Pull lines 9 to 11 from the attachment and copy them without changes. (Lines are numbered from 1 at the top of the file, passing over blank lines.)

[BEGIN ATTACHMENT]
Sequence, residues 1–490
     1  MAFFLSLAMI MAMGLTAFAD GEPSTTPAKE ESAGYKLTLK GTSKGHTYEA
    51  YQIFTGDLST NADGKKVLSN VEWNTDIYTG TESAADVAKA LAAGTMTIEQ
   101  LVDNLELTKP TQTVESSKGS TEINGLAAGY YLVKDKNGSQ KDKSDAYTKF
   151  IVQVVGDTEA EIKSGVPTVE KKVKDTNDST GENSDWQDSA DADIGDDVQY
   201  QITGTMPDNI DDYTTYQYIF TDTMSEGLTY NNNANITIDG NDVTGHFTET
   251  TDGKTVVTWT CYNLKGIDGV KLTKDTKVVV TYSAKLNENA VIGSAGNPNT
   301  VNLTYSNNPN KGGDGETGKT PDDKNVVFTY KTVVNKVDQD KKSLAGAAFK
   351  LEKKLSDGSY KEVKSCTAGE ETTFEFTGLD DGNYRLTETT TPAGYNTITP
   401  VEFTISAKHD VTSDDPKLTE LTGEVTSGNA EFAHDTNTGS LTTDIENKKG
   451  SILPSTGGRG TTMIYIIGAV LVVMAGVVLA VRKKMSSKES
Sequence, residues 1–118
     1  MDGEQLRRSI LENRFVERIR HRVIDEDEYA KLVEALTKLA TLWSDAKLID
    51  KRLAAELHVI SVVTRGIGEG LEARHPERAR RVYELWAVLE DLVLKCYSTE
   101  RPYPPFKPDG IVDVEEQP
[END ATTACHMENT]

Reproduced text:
   351  LEKKLSDGSY KEVKSCTAGE ETTFEFTGLD DGNYRLTETT TPAGYNTITP
   401  VEFTISAKHD VTSDDPKLTE LTGEVTSGNA EFAHDTNTGS LTTDIENKKG
   451  SILPSTGGRG TTMIYIIGAV LVVMAGVVLA VRKKMSSKES